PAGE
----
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The Light Bulb Resistance Movement
By Andrea Seffens on June 15, 2011
America’s wild wild west has always been home to cowboys, adventurers, hardened frontiersmen, and red-blooded, independent Americans. In the face of excessive government regulation, Texans have revived their independent streak and passed HR 2510. The bill returns commonsense to the world of light bulbs, despite establishment opposition.
The bill allows incandescent light bulbs made in Texas to be sold within the state, working around President George W. Bush’s 2007 Energy Independence and Security Act. The 2007 act would prevent the manufacture and sale of traditional 100 watt incandescent bulbs because they do not meet the new efficiency standards. HB 2510 reestablishes Texans’ rights to manufacture traditional light bulbs and sell them within the state of Texas. The bill stipulates that the light bulbs must have “Made in Texas” clearly stamped onto them, and requires the Lone Star State’s Attorney General to defend a Texan if he is prosecuted by the federal government for a supposed infraction of the Intestate Commerce Clause.
Texas, by passing HB 2510, is upholding its citizens’ Constitutional rights. The federal government lacks the authority to apply the Energy Security and Independence bill’s efficiency regulations to light bulbs made and sold exclusively in Texas, as they do not cross state lines and therefore cannot be regulated through the interstate commerce clause. The Constitution has not given the federal government the right to regulate light bulbs made and sold within Texas, so according to the 10th Amendment, it cannot legally do so. The 9th Amendment further strengthens the bill because although the right to make and sell light bulbs in Texas is not specifically in the Constitution, the United States government does not have the right to prevent it.
While HR 2510 is constitutionally sound, it also supports free market principles. Texans know what sort of light bulbs they need and want; light bulbs that are, as US Rep Joe Barton put it,”safe, cheap, and reliable.” Texan light bulb manufacturers are fulfilling the demand for a specific product that consumers would have to jump through many hoops to find or try to substitute with a lower quality and/or more expensive substitute.
Excessive government regulations can only hurt the consumer. Increased regulations will increase cost of production and lead to an increase in price, and in this case, result in a more expensive product that is not what the consumer desires, if he wants a lit home. By passing HB 2510, Texans are refusing to “sit idly … and take unconstitutional intrusion into [their] lives."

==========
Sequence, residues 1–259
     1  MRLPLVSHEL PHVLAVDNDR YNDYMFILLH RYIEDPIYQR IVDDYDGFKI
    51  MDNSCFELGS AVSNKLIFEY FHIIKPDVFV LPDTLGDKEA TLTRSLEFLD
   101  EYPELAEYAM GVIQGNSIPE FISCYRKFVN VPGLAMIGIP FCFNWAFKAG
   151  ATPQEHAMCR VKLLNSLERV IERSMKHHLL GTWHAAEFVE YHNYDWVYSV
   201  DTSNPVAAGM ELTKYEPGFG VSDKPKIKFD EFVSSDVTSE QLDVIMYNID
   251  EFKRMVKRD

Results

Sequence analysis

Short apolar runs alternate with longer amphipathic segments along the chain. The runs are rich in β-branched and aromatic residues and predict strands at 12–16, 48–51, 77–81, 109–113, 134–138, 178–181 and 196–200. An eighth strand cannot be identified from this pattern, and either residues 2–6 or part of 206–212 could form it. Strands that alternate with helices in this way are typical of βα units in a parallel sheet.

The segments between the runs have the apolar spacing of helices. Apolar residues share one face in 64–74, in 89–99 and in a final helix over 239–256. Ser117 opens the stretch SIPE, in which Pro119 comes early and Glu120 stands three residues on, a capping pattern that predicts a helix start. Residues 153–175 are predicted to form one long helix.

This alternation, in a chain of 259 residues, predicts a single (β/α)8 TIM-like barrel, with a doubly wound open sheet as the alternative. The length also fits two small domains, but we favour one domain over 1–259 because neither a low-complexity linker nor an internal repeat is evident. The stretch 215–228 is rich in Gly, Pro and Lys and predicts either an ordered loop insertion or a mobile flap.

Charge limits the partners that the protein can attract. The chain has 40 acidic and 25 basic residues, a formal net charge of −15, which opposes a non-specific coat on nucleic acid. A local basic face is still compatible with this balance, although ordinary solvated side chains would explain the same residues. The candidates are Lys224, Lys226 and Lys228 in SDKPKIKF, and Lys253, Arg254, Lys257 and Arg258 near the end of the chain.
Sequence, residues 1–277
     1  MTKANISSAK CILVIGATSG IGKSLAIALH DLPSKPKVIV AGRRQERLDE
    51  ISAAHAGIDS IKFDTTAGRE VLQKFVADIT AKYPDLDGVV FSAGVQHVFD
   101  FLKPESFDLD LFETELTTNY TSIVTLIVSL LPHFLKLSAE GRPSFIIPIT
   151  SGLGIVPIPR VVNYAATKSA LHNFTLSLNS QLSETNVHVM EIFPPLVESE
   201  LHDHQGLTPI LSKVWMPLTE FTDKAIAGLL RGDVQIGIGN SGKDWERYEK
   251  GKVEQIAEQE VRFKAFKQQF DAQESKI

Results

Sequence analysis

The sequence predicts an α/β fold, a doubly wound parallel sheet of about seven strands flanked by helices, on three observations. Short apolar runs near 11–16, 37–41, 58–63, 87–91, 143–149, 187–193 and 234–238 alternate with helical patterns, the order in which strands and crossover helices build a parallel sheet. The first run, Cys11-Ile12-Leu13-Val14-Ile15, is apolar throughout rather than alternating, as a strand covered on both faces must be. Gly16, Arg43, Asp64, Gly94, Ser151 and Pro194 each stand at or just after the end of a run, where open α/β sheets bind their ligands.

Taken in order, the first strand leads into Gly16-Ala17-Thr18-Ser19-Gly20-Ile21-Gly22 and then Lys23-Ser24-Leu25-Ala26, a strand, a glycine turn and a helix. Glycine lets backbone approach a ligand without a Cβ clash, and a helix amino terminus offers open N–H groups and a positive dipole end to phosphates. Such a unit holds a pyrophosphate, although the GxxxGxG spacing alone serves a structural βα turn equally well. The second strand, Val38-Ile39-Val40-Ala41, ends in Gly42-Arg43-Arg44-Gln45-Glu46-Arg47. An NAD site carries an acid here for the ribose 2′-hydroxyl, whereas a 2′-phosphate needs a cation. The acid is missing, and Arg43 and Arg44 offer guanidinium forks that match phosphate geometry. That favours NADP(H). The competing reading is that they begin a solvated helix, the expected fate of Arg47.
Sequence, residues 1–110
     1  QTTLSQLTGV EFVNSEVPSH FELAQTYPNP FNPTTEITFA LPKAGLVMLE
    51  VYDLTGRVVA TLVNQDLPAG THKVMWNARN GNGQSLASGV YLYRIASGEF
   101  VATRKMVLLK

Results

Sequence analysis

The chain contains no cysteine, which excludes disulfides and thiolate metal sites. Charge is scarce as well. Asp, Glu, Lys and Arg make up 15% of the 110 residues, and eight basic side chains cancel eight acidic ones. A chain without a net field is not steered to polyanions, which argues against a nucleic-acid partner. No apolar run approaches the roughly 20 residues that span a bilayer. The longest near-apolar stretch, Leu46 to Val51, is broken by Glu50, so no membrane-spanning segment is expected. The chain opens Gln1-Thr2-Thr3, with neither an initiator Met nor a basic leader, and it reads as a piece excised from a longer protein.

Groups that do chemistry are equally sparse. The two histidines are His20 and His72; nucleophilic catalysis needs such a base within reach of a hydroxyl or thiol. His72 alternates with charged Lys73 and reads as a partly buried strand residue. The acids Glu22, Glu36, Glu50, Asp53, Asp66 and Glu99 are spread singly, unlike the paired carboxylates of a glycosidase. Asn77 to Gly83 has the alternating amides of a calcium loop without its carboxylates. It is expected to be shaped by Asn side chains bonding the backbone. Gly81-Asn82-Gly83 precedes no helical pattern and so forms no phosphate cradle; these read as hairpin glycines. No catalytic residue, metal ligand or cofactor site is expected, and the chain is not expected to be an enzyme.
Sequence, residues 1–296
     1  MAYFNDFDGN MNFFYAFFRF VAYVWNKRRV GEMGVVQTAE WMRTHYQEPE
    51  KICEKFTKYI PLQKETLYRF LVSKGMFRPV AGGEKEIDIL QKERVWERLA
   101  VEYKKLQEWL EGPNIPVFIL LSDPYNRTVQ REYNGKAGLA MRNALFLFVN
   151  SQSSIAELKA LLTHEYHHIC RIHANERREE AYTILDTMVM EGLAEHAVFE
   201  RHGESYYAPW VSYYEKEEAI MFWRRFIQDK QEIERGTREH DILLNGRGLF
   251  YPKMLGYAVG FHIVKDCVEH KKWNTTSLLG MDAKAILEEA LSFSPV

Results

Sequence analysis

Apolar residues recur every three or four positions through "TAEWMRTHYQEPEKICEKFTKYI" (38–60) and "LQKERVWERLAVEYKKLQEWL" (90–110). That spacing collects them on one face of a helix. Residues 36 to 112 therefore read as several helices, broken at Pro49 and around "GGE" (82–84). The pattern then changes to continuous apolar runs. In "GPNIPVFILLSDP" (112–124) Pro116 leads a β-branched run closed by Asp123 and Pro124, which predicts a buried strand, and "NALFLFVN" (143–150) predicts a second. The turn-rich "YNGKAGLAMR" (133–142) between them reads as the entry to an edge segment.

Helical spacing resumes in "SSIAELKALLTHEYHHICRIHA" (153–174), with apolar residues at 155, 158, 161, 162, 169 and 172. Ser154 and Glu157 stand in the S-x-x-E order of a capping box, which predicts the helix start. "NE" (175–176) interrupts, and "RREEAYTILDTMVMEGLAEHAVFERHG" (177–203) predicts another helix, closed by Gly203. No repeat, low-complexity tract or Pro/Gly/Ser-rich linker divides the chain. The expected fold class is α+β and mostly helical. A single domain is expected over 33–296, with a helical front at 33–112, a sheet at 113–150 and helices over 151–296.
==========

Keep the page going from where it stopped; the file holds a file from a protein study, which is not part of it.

A Texan light bulb could possibly be carried across state lines, decry the legislation’s opponents, and therefore be subject to governmental regulation and be in violation of the new energy standards; a claim which proves the ridiculousness of the 2007 federal bill. Anything is possible, but is excessive regulation necessary to prevent one light bulb from crossing state lines and starting a light bulb black market?
A black market for light bulbs, while sounding extreme, would merely be a product of over regulation. If there is demand for a product, such as stolen art, exotic pets, or drugs, a supplier will emerge to fulfill the demand in that market. Such a market would prove that the government, by dictating what sort of light bulb one can use, is violating free market principles. The consumer knows what is best for him, not a group of far away bureaucrats.
Texas is mounting a light bulb resistance movement and in doing so, is fighting for the American belief in free market ideology. Representative Fred Upton (R-MI6), chairman of the Energy and Commerce Committee, had promised to reverse the 2007 federal bill, but has made no move to do so. Representative Joe Barton (R-TX6) however has acted to repeal the de facto incandescent light bulb ban by introducing HR 91. The bill was referred to the Subcommittee on Energy and Power February 1, 2011, with no action taken since. There may be a light at the end of the tunnel for the rest of America, but if not, the states must join Texas in resisting the federal light bulb police.